Rate the dress

Rate the Dress: Holiday frocks for 1916

Evening Gown Of Cream Silk Satin and Orange Silk Taffeta, Hollander, L.P., 1916-1917, USA, silk, pearl beads, chenille yarn, aigrette feathers, Goldstein Museum of Design 1982.016.015

Holiday party season has just stepped into high gear here in Wellington, and every venue in town is booked out for the rest of the month.  My seasonal event schedule is sadly lacking in soirees that call for elegant frocks, but I’ve been doing fantasy event shopping in various museum’s collections, finding dresses that I would DEFINITELY wear had I the occasion, and ones that I want to show you, to see what you think of them.  So the next few weeks are going to feature event-worthy (well, maybe) party dresses.

Last week:  a bright spring green pelisse  

Mixed reviews for last week’s dress, with bonus points for some people because the dress looked like a historical superhero costume!

I was really intrigued by all the speculation of who it would look good on, and the claims that most women couldn’t carry it off.  Though it’s not easy to find, the pelisse’s fresh green colour looks really good on me – and is one I think of as very flattering on most women, at least in the historical sense of flattering (tends to make them look pale and mysterious, and the emphasise the contrast between skin and lips).

The Total: 8.3 out of 10

Exactly the same as the week before!

This week: a bright orange silk and embroidered net party frock from 1916

To start off my showcase of historical party dresses that a guest could wear to one of those historical extravaganzas I wish I could go to, I’ve chosen a frock from my favourite fashion year: 1916.

Evening Gown Of Cream Silk Satin and Orange Silk Taffeta, Hollander, L.P., 1916-1917, USA, silk, pearl beads, chenille yarn, aigrette feathers, Goldstein Museum of Design 1982.016.015 detail

Evening Gown Of Cream Silk Satin and Orange Silk Taffeta, Hollander, L.P., 1916-1917, USA, silk, pearl beads, chenille yarn, aigrette feathers, Goldstein Museum of Design 1982.016.015

This dress would definitely benefit from a good steam, and the proper undergarments (a bit more petticoat-age in particular), but the basic essence of the design, and of the impact the dress would have had on the dancefloor, is still obvious.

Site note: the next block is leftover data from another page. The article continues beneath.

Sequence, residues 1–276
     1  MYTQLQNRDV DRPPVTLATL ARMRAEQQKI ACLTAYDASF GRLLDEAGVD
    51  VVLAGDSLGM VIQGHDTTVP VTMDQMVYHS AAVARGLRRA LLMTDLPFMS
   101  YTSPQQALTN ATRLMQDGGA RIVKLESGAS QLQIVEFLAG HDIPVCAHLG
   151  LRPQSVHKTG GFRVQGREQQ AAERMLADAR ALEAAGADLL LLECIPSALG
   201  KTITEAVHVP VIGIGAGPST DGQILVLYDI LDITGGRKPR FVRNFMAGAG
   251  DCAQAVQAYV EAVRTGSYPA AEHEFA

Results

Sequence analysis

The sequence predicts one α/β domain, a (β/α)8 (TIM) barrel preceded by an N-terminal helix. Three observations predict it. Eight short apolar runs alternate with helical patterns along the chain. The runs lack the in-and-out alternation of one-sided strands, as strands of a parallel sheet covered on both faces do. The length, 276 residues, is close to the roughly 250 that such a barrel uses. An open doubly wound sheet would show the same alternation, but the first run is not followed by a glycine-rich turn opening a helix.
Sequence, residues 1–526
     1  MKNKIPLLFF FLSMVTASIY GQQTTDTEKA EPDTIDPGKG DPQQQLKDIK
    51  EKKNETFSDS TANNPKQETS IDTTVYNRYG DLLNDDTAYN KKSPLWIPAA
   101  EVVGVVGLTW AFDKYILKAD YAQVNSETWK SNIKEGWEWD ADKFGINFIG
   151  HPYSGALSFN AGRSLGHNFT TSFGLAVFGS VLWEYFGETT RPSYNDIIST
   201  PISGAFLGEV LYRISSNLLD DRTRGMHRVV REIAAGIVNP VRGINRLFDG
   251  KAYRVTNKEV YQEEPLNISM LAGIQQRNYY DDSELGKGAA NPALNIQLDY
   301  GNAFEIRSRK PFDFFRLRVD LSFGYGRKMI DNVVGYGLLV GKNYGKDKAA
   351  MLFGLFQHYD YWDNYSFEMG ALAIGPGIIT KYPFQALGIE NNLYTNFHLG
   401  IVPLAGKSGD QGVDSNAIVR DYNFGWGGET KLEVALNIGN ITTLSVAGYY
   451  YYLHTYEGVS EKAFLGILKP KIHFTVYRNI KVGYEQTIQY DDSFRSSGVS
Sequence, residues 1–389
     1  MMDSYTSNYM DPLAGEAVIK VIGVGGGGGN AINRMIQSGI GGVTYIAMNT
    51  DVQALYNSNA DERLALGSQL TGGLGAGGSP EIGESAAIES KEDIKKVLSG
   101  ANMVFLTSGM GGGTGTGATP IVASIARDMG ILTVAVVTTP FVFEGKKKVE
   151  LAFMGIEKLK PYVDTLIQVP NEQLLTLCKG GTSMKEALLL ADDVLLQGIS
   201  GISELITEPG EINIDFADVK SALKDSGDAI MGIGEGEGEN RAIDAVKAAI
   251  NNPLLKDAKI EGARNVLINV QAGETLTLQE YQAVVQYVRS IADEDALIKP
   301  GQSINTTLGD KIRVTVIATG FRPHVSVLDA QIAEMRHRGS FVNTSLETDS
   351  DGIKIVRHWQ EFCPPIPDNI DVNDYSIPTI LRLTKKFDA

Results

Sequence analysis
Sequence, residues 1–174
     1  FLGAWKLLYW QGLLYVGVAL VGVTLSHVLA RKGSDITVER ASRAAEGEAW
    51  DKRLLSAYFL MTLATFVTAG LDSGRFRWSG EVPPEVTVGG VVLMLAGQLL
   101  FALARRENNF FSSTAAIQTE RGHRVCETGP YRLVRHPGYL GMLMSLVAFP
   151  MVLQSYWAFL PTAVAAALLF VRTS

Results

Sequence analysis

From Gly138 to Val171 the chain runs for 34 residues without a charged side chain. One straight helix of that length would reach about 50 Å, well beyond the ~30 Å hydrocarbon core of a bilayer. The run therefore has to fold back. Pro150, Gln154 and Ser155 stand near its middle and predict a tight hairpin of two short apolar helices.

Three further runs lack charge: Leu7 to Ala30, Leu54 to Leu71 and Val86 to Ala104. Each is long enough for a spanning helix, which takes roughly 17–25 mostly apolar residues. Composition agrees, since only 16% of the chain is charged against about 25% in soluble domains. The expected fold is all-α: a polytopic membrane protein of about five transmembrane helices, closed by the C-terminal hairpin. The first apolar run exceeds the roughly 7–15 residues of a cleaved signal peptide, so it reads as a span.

Like many 1910s dresses, this evening gown combines two contrasting design ideas: a bold colour, and delicate layering, with each element of the dress revealing subtle detailing.

The skirt is made of three layers of net, each embroidered with silvery threads.  The topmost layer of elaborately worked net is almost completely hidden by the overskirt of vivid orange silk, and would only be revealed as the dress moved and swayed around the wearer.

The orange silk, vibrant as it is, is not left alone to speak for itself.  Instead, it features panels of heavy beading, with pearl and glass beads of different sizes, and chenille embroidery, forming forming floral and geometric patterning down the front and back of the dress.

The silver, orange, and white of the dress is offset with a splash of black in the form of a corsage of black velvet and aigrette feathers pinned to the waist.

The whole dress is a play on contrasts: muted and vibrant, bold and subtle, delicate and robust, fitted and voluminous.

The Goldstein Museum of Design website has some excellent images of the layers of the dress, and how it opens, which I highly recommend checking out if you’re interested in historical dress construction.

What do you think of it?

Rate the Dress on a Scale of 1 to 10

A reminder about rating — feel free to be critical if you don’t like a thing, but make sure that your comments aren’t actually insulting to those who do like a garment.  Our different tastes are what make Rate the Dress so interesting.  It’s no fun when a comment implies that anyone who doesn’t agree with it, or who would wear a garment, is totally lacking in taste.

(as usual, nothing more complicated than a .5.  I also hugely appreciate it if you only do one rating, and set it on a line at the very end of your comment, so I can find it!  And 0 is not on a scale of 1 to 10.  Thanks in advance!)